Peter DeHaan writes about biblical Christianity to confront status quo religion and live a life that matters. He seeks a fresh approach to following Jesus through the lens of Scripture, without the baggage of made-up traditions and meaningless practices. Read more in his books, blog, and weekly email updates.

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Bible Insights

Worship God as Holy, Holy, Holy

Give God Our Adoration

The Bible says God is holy, holy, holy, repeating it three times for emphasis to make sure we get the point. God is not merely holy—that is, virtuous—nor is he holy times two, but he is holy times three. He is holy, holy, holy.

When referring to God as holy, holy, holy it is to worship him. This occurs two times in the Bible, appropriately enough once in the Old Testament (Isaiah 6:2-3) and once in the New Testament (Revelations 4:8).

Therefore, both the old covenant and the new covenant view God as holy, holy, holy; it’s not just an Old Testament thing or just a New Testament thing. Furthermore, in Revelation, they say this over and over, never stopping.

The interesting thing is who is worshiping God by calling him “holy, holy, holy.” It is not people but spiritual beings. They are six winged creatures, which Isaiah calls seraphim.

Emerging from the spiritual realm, these beings, who surely know God better than we do, revere him as holy, holy, holy. They acknowledge him as holy, holy, holy. They praise him as holy, holy, holy.

May we do the same.

Peter DeHaan writes about biblical Christianity to confront status quo religion and live a life that matters. He seeks a fresh approach to following Jesus through the lens of Scripture, without the baggage of made-up traditions and meaningless practices. Read more in his books, blog, and weekly email updates.

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Bible Insights

What Does it Mean to Greet One Another With a Holy Kiss?

What Does it Mean to Greet One Another With a Holy Kiss?

Many churches have a time of greeting at some point in their service. This can range from awkward to inviting.

At some of these churches people merely shake hands and mumble a rote greeting. Folks at other congregations actually make eye contact and smile as they greet one another. And at a few places, a meaningful connection begins.

One of the 52 churches we visited carried this to an extreme. The minister told us to “greet one another with a holy kiss.” It was a bit creepy, marking one of my more uncomfortable moments that year. Fortunately, few people attended that Sunday, so the number of holy kisses we received was minimal.

I know this is biblical, with Paul mentioning it four times. But I don’t really know what it means. Even after experiencing it, I can’t describe it, except for creepy. And Paul doesn’t explain it or offer instructions; he just says to do it. But we can infer a few things.

Church

Each time Paul mentions holy kiss, it’s in a letter to a church, so it must be just for the church community. I take this to imply that outsiders (or in our case, visitors) are not included.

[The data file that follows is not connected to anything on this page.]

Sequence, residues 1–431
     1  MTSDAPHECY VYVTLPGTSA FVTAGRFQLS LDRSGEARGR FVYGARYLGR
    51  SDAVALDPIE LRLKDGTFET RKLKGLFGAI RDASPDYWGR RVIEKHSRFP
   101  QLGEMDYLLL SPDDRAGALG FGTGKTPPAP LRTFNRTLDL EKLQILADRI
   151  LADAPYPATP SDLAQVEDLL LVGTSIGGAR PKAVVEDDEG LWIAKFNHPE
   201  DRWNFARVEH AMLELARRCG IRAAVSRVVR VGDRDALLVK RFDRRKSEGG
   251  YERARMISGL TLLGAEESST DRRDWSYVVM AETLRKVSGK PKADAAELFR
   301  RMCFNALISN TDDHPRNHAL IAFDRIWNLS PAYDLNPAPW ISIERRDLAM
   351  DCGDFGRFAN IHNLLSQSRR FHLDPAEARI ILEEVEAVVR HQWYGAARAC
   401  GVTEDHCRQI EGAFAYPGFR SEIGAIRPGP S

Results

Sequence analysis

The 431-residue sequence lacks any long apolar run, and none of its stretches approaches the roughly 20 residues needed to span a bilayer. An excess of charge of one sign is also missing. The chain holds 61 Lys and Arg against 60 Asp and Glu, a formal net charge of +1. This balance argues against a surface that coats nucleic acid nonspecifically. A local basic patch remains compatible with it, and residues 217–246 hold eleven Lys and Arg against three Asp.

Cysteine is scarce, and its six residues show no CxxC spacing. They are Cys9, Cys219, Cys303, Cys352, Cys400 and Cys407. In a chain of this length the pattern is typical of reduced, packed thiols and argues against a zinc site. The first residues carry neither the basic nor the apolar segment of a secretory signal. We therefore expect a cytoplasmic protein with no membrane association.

Intimate

A kiss is an intimate sign of affection. Since the context is church, we might want to dismiss a holy kiss as being an act of physical intimacy, instead understanding it as spiritual intimacy.

Holy

Something sacred or hallowed.

This implies a holy kiss is a sacred act of spiritual intimacy for a church community, but I still don’t know how to do it.

[Romans 16:16, 1 Corinthians 16:20, 2 Corinthians 13:12, and 1 Thessalonians 5:26]

Peter DeHaan writes about biblical Christianity to confront status quo religion and live a life that matters. He seeks a fresh approach to following Jesus through the lens of Scripture, without the baggage of made-up traditions and meaningless practices. Read more in his books, blog, and weekly email updates.

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Christian Living

God Says You Are Holy

God Says You Are Holy

Last week, I blogged that God is “holy, holy, holy”—or “all holy,” which I called “omniholy.” In researching that post, I came across a phrase that caught me off guard: “You are holy.” Really? I don’t know about you, but I don’t feel holy. However, it is apparently true that we are holy—or at least that we can be holy.

Of the five Bible translations I checked, the phrase “you are holy” appeared in four: The Amplified Bible, the New Living Translation, The Message, and the Contemporary English Version. However, the New International Version, instead uses the word “consecrated.”

The definition of holy that best applies is “Living according to a strict or highly moral religious or spiritual system; saintly.” Whereas, consecrate means “set apart.” When I think about these two words in a practical sense, I am struck with contrasting images.

One is a negative image of someone who wears special clothes, talks in a monotone drone, and moves at a painfully plodding pace. To me these people are putting on airs, they are posers—not holy, only pretending.

Have the presence of God inside us to such an overflowing extent, that his essence exudes from us. Click To Tweet

The positive image is a person whose actions are different, in an unpretentious and comforting way; they carry a calm assurance of who they are and what they do, not calling attention to themselves, but making a quiet difference everywhere they go.

While some people can pursue this through an act of will, the real solution is having the presence of God inside us to such an overflowing extent, that his essence exudes from us.

Yes, though God, we can be holy and consecrated—just as the Bible says.

Peter DeHaan writes about biblical Christianity to confront status quo religion and live a life that matters. He seeks a fresh approach to following Jesus through the lens of Scripture, without the baggage of made-up traditions and meaningless practices. Read more in his books, blog, and weekly email updates.